JobSearchCoachingHQ.com offers great advice for job hunters—videos, my books and guides to job hunting, podcasts, articles, PLUS a community for you to ask questions of PLUS the ability to ask me questions where I function as your ally with no conflict of interest answering your questions.  

Connect with me on LinkedInLike me on Facebook.

Join and attend my classes on Skillshare. Become a premium member and get 2 months free.

Join Career Angles on Facebook and receive support, ideas and advice in your current career and job.

You can order a copy of “Diagnosing Your Job Search Problems” for Kindle on Amazon and receive free Kindle versions of “No BS Resume Advice” and “Interview Preparation.” If you are starting your search, order, “Get Ready for the Job Jungle.” 

Don’t forget to give the show 5 stars and a good review in iTunes

If you want to know how to win more interviews, order “Winning Interviews.” You’ll learn how to win phone interviews, in-person interviews, the best question to ask on any interview and more.

Would you like to talk through a salary negotiation or potential negotiation you’re involved with? Order and schedule time with me.

Do you have questions or would like advice about networking or any aspect of your search. Order and schedule time with me.

Would you like me to critique your resume. Order a critique from me

Jeff’s Kindle book, “You Can Fix Stupid: No BS Hiring Advice,” is available on Amazon.

JobSearchTV.com

The Smart Way to Turn Down a Job Offer | JobSearchTV.com


In this video, Jeff Altman, The Big Game Hunter explains a strategy for turning down a job offer so that maybe you wind up with something better.

Do you think employers are trying to help you? You already know you can’t trust recruiters—they tell as they think you need to know to take the job they after representing so they collect their payday.
Job hunting is a rigged game with you the patsy.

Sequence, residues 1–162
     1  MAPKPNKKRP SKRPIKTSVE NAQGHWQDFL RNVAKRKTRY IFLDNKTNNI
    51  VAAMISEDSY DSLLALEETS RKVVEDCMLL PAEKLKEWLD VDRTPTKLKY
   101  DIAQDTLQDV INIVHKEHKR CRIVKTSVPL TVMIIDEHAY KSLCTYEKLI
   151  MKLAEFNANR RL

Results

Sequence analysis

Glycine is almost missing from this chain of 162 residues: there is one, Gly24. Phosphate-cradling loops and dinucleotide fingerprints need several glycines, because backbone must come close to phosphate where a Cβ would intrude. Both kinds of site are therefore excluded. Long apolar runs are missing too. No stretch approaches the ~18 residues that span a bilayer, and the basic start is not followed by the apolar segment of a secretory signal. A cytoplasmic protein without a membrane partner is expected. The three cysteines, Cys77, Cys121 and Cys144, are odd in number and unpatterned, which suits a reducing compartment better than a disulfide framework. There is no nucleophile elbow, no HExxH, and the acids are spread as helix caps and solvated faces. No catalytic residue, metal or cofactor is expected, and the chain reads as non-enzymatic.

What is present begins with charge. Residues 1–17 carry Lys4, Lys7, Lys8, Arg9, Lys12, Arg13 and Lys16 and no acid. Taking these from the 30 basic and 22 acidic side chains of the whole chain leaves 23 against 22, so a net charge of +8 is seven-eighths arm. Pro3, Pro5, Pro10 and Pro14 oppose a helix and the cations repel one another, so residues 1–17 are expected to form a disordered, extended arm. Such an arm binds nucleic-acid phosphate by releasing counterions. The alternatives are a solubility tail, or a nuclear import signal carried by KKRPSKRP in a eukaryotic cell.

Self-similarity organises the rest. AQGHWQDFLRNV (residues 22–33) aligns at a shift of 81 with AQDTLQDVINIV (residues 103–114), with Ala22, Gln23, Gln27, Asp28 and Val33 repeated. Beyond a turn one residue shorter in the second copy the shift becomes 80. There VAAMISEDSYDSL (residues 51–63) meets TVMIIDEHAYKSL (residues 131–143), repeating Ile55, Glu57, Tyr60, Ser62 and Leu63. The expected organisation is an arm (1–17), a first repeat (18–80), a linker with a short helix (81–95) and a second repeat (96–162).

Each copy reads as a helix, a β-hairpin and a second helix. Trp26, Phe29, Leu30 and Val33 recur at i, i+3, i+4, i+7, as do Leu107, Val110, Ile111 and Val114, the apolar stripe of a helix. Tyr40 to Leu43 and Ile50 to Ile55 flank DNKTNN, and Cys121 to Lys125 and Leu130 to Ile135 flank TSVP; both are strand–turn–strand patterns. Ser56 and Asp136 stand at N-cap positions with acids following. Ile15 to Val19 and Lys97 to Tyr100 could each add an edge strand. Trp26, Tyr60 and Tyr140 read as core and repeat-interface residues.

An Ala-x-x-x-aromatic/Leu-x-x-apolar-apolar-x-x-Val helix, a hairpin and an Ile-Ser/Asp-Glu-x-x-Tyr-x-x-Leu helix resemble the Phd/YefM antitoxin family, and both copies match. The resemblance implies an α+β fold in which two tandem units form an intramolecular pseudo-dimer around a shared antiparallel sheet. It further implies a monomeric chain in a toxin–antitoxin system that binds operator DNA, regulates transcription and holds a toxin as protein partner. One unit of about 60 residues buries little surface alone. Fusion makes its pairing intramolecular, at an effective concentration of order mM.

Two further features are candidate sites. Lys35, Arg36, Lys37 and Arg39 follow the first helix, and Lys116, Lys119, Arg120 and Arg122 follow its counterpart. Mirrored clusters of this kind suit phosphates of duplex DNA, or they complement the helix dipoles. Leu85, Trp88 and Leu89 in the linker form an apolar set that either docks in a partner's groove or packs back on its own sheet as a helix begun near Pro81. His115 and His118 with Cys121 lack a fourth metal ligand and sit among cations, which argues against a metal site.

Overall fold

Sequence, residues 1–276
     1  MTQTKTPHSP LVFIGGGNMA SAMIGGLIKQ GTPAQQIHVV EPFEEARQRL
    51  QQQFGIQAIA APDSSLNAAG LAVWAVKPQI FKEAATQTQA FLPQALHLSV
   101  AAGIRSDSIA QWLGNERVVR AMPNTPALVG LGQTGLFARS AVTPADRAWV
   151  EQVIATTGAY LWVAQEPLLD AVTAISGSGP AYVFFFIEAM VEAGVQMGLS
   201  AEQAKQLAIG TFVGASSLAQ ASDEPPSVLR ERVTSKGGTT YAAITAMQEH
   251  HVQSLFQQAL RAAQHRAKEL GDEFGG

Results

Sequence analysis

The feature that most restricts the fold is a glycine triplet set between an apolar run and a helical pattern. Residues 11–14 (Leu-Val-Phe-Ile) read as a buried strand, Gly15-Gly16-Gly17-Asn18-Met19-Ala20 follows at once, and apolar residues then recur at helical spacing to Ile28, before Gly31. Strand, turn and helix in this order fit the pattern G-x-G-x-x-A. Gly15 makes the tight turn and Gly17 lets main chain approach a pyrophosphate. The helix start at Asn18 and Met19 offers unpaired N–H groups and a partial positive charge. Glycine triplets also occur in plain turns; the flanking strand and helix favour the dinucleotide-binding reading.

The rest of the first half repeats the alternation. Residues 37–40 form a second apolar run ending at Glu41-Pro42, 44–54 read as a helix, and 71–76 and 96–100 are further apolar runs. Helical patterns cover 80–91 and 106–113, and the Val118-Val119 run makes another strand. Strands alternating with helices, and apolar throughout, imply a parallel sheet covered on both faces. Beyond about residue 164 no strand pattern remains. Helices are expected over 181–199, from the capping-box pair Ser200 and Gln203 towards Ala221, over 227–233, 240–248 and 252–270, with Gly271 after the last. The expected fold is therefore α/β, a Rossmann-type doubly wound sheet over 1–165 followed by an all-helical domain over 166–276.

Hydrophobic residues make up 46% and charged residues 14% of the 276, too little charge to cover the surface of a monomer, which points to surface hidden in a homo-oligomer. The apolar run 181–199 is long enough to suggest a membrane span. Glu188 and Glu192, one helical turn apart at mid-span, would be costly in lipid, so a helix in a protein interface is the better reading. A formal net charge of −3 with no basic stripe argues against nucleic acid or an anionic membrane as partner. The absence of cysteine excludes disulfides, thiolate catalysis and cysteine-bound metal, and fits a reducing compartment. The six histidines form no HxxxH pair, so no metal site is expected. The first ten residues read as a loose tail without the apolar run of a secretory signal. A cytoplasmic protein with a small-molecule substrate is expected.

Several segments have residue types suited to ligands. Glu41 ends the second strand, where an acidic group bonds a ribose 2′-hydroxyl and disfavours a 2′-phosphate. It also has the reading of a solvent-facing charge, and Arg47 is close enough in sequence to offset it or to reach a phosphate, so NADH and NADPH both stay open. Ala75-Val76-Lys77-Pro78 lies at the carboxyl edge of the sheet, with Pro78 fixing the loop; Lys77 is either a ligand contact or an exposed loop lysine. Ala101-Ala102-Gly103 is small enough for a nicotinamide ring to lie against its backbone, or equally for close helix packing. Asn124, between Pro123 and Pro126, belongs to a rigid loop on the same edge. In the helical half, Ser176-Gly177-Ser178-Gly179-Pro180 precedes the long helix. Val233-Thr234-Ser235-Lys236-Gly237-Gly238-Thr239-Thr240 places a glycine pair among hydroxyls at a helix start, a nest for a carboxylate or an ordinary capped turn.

Jeff Altman, The Big Game Hunter has been a career coach and recruiter for what seems like one hundred years.

JobSearchCoachingHQ.com is there to change that with great advice for job hunters—videos, my books and guides to job hunting, podcasts, articles, PLUS a community for you to ask questions of PLUS the ability to ask me questions where I function as your ally with no conflict of interest answering your questions.

Connect with me on LinkedIn http://bit.ly/thebiggamehunter

JobSearchTV.com

What is The Best Way to Turn Down an Offer for a Job I Was Referred to? | JobSearchTV.com


Follow Jeff Altman, The Big Game Hunter on Facebook
http://www.facebook.com/NoBSCoachingAdvice

I was referred by someone for position and received an offer that I am going to turn down. What is the best way to do this when I was referred for job?

Summary

I wanted to talk with you today about a situation someone asked me about where, basically, they were asking me, “what's the best way to turn down a job offer for a position I was referred to you?”

I have to answer in two ways because it really depends upon whether this is someone who is close to you or isn't close to you . . . But the framework is basically going to be the same.

So, in the case of someone close to you, well, I think in both cases, what you trying to do is to give them a heads up. With the person who you or close to, they are probably going to take it a little bit easier than the person who isn't close to you.

So, if I am wrong, so be it… but let me let me just give you one model. So, let's work with both cases and say that the ideal way to do this is to call them up along the way and let them know, “I'm looking for such and such and I’m not hearing that so far. Is this something that I am missing?” In this way, maybe there's information that they that you haven't heard yet, that in the course of one more interview, you can confirm.

Now, let's get to the point where you have the offer. We don't know that you are turning down the offer based upon the position or the money. So, I don't have that information either. So, the notion becomes you try to contact them 1st and say something to the to the effect of, “I want to really thank you for introducing me to your firm (this firm or this person which ever one it was). They’ve made an offer to me which is just terrific but I got some doubts about joining.”

“What’s the problem?”

Then, you have to sounds sincere in talking to them. You can't seem angry, annoyed, or defensive period just simply say something along the lines of (I’m going to give you 2 options here).

“The job is not exactly what I was looking for. I told them I was looking for such as such and they are talking with you about something different period I keep going through the process with them, but the end of the day, the job isn't right.” That's one option.